What does science say about race? In this book a distinguished research geneticist presents abundant evidence showing that traditional notions about distinct racial differences have little scientific foundation. In short, racism is not just morally wrong; it has no basis in fact.
“Few are aware that the best ammunition against racism comes from modern evolutionary biology and genetics, and this gap in the public understanding of science needs to be closed. Daniel J. Fairbanks’s small but complete book provides clear explanations of the science behind human variation. I hope it is widely read.” —Eugenie C. Scott, chair of the Advisory Council, National Center for Science Education; author of Evolution vs. Creationism: An Introduction
“In a masterful synthesis of biological, anthropological, and evolutionary evidence, this book presents one of the most eloquent, insightful, and compelling arguments against the existence of biological ‘race.’ Fairbanks demonstrates that modern notions which seek to justify race and racism aren’t just flawed—they’re scientifically baseless. This book uncovers the true richness of human variation and the unfolding of the human story over the last 150,000 years. In a world that today seems to be slipping toward greater divisiveness and conflict, Everyone Is African unites us in our common ancestry and shared history, providing ways to grapple with the social inventions of race that challenge our society to its core. This book should be required reading . . . for everyone.” —Haagen D. Klaus, assistant professor of anthropology, George Mason University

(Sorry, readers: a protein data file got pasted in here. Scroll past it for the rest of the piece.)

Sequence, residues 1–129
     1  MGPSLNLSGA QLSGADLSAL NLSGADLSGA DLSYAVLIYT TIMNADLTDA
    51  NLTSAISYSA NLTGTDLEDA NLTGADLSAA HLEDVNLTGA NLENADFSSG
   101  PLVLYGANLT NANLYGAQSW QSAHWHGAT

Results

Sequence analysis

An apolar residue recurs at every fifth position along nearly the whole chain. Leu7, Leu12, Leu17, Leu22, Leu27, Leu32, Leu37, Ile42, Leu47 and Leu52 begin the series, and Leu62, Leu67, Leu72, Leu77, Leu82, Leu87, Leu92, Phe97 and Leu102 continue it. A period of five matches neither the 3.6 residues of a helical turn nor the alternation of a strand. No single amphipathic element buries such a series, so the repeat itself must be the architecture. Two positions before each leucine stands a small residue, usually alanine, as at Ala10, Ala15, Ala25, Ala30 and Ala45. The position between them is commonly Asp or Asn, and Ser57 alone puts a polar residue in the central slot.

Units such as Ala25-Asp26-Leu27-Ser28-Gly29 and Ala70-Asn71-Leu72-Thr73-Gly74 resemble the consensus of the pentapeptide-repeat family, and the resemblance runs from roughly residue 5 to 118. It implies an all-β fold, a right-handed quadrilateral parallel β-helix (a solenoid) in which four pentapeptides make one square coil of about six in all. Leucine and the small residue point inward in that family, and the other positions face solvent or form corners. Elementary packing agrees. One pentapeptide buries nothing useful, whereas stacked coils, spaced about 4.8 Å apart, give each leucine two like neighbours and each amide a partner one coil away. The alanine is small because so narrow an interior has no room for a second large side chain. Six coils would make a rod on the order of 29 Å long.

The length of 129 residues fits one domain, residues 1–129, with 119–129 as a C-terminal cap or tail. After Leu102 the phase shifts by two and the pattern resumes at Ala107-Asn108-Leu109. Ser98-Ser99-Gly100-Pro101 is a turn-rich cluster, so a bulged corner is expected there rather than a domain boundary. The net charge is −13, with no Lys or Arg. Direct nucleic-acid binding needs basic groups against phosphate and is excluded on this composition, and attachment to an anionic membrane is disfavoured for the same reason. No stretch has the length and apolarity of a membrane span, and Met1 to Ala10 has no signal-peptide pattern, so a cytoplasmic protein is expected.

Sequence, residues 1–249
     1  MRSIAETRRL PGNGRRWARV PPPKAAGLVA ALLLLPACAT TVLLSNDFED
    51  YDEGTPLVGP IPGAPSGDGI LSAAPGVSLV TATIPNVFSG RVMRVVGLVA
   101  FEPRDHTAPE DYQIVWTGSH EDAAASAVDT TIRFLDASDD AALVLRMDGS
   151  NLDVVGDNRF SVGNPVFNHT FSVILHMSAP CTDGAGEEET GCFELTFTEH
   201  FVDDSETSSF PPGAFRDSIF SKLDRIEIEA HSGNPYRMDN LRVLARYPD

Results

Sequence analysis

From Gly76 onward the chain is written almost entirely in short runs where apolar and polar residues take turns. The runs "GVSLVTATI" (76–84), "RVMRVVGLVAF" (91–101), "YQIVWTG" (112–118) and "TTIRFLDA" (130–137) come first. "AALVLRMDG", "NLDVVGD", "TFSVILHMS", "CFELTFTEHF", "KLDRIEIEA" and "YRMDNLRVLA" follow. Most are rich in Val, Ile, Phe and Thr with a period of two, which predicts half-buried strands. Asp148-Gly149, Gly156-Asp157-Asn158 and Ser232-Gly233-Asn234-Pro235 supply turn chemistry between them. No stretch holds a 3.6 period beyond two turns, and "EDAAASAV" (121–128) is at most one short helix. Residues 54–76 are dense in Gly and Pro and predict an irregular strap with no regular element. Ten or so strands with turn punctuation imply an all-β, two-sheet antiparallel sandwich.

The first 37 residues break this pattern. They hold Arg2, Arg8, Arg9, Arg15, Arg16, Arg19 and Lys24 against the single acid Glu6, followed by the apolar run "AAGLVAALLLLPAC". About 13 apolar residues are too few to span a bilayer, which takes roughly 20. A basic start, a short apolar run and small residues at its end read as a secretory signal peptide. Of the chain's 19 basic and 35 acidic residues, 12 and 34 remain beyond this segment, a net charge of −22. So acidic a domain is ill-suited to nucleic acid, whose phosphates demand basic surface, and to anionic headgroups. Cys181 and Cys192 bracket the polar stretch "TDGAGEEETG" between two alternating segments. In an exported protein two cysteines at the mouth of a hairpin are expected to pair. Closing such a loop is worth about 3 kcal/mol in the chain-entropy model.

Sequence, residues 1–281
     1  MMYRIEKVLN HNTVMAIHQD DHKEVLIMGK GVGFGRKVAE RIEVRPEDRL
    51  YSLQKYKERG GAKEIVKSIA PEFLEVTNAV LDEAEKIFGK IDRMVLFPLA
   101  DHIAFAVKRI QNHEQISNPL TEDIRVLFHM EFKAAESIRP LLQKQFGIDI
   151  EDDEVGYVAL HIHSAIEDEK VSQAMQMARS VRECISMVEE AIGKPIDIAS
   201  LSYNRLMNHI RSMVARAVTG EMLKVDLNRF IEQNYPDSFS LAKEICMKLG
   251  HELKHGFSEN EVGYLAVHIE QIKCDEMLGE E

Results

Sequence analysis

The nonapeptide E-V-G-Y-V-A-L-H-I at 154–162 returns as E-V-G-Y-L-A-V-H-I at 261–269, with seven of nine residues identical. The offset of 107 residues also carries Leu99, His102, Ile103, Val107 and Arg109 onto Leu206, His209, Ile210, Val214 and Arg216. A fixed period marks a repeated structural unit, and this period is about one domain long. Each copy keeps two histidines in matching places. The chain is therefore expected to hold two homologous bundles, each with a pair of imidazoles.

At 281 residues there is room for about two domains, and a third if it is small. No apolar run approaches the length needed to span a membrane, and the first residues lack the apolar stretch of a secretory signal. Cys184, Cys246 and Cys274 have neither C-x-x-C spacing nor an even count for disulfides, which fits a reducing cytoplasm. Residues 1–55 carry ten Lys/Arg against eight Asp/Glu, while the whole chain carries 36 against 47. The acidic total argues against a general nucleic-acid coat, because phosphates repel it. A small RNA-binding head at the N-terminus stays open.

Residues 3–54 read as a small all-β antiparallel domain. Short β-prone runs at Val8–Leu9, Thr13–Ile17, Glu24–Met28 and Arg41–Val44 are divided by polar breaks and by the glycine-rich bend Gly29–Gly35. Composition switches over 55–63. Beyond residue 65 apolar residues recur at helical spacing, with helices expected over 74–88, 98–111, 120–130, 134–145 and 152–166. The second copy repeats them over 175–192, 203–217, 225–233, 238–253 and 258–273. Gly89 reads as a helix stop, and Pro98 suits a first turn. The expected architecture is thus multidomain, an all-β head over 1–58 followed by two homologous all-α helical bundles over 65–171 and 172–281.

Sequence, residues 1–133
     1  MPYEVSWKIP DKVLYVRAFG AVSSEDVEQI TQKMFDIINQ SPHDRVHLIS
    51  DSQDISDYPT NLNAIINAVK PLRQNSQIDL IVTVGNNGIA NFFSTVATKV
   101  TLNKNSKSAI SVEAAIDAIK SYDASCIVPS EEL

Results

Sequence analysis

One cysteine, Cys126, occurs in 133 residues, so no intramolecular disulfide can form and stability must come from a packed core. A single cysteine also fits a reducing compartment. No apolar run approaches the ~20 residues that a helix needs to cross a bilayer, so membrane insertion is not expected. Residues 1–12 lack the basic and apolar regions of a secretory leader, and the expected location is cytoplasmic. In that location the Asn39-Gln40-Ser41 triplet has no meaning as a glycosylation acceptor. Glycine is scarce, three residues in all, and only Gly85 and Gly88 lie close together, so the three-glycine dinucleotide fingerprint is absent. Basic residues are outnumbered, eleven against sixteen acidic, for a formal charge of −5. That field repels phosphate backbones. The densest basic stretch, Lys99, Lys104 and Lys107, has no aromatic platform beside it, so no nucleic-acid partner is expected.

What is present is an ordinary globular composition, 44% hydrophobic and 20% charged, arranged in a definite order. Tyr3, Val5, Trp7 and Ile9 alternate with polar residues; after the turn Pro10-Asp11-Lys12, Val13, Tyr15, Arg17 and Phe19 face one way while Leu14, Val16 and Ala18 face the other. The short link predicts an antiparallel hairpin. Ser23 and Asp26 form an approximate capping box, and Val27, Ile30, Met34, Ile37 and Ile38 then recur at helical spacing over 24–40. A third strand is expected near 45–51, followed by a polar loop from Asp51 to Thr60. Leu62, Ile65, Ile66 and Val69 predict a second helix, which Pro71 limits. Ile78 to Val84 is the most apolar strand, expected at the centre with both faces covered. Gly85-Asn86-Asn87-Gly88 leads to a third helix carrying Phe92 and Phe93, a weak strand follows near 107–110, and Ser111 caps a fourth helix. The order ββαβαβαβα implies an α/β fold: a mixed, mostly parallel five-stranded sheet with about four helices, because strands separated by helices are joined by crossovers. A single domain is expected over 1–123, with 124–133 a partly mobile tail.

“This is an important book that brings forward an argument that is as clear and cogent as it is timely. Fairbanks reminds us that Homo sapiens is a single species whose populations’ shared biological histories provide a unifying context for our varied and disparate social narratives. Stressing the differences among us is not only divisive, it’s scientifically unjustified.” —Stephen M. Rich, professor of microbiology, University of Massachusetts Amherst
Evolving: The Human Effect and Why It Matters
Daniel J. Fairbanks